We maintain a Windows 2003 Terminal Server for one of our remote offices to connect to to get all their work done. Every morning, when they try to connect, they get an error that the server is unavailable. From our ouwn internal network, we are able to log into that server using RDP just fine. After rebooting the server, the remote office is able to connect once more. It would seem to me (maybe incorrectly though) that given the symptoms the problem isnt with the network (which doesnt change after a reboot) or with all the licenses used up (we are able to log in.) But I have no idea what the problem could be. Any ideas in troubleshooting this will be greatly appreciated.

Additional Information: (5/1/2012)

First, I want to thank everyone who has had suggestions so far. They have been great. So I tested a few things and these were the results: When the connectivity is lost from the outside subnet, I logged into the server locally and attempted to access the subnet. It failed saying "No Network Path Provider was available." Then I did a quick Google search in the browser and after calling up the Google page I was once more able to see the blocked subnet.

We have used the Windows ARP command to check that the MAC addresses of the NIC cards on the server match the ARP cache, and likewise we have checked the Cisco ASA 5500 Router's ARP cache for incorrect entries.

  • Are the working internal systems on the same subnet as the server? – Shane Madden Apr 12 '12 at 15:41
  • Hi Shane. Yes they are on the same subnet. – Peter Lange Apr 12 '12 at 16:01
  • Next time it happens, check outbound connectivity from the server (through the console or RDP from one of the local systems) - I bet it won't be able to access anything outside the subnet. – Shane Madden Apr 12 '12 at 16:20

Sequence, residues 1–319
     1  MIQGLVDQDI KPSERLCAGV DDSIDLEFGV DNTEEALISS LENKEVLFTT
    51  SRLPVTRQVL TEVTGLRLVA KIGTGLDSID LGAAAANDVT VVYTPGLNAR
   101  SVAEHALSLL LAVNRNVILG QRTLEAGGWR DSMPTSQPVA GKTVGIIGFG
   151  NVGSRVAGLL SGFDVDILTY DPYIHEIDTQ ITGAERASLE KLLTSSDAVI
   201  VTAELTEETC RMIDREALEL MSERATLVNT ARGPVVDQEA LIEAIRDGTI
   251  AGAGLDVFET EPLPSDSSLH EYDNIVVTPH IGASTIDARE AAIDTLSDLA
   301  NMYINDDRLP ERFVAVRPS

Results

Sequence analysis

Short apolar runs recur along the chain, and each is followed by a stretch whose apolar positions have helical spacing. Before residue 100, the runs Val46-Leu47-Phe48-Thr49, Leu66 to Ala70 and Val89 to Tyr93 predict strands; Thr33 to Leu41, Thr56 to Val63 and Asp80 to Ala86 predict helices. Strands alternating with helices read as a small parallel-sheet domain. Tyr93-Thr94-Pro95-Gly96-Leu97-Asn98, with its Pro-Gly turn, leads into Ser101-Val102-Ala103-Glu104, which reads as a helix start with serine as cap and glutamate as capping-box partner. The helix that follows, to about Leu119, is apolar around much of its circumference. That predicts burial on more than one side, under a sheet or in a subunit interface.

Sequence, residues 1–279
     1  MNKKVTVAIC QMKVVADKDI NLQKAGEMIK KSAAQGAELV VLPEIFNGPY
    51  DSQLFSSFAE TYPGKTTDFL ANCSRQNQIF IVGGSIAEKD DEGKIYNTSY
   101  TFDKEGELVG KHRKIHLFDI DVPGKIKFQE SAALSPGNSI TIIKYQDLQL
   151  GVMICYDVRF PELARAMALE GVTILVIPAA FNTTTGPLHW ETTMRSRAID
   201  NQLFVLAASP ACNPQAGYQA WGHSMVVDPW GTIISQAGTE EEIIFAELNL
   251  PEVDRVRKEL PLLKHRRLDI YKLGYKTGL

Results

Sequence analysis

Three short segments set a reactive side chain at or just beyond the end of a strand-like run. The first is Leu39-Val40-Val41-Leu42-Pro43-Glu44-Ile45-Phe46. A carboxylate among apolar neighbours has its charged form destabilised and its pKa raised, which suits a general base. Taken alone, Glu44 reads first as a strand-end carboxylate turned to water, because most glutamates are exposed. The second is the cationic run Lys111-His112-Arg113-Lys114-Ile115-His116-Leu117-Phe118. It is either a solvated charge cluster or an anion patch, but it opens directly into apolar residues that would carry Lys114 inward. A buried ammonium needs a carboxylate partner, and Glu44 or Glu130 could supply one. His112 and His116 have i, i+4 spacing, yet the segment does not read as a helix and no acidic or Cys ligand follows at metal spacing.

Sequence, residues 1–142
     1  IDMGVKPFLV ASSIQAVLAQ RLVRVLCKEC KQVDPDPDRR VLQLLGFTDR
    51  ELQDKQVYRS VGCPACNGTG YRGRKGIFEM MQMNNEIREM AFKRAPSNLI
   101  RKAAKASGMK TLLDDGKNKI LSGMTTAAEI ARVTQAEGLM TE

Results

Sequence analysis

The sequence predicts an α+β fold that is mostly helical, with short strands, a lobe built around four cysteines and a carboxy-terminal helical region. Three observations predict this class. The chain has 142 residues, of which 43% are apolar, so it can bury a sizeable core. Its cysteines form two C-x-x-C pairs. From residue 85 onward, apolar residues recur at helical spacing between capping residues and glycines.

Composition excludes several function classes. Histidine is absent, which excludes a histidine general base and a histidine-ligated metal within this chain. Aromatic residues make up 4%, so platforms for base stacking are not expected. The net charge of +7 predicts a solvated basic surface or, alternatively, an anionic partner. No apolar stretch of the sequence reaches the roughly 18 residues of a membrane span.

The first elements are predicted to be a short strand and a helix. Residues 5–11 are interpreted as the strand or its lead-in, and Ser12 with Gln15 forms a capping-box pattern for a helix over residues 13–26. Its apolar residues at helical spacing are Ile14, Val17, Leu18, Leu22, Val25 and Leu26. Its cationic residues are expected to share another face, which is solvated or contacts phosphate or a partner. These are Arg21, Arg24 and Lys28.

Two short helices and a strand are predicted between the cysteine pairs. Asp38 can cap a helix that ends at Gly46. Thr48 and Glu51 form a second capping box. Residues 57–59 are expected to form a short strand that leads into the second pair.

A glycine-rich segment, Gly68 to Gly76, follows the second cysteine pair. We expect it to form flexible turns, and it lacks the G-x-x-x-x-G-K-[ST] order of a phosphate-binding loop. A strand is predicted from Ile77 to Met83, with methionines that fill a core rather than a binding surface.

• Ok, good advice I will try that. – Peter Lange Apr 12 '12 at 16:26
  • 2
    It would help if we could see a diagram of the network topology that shows how the server, ASA 5500, and any other devices sitting between your site and the remote subnet are connected to each other. That said, LAN-to-LAN IPsec VPN tunnels on Cisco devices are brought up "on demand", meaning the ASA will only try to bring a tunnel up if it sees a packet that it thinks needs to cross that tunnel. I've seen cases where a tunnel will only come up when triggered from one end, which may be what's going on here. – James Sneeringer May 3 '12 at 2:18

Try performing a series of tracert commands from your local subnet and from the remote subnet during the day. See if the route changes, or can't be resolved.


It turns out that the problem was with the multiple NIC cards on the server. Each NIC was for a different subnet. For some reason, the server would eventually get confused and stop responding to RDP requests on the NIC unless I first logged into the server and made an outbound request. Once I disabled the other NIC, it was golden.

Your Answer

By clicking “Post Your Answer”, you agree to our terms of service, privacy policy and cookie policy

Not the answer you're looking for? Browse other questions tagged or ask your own question.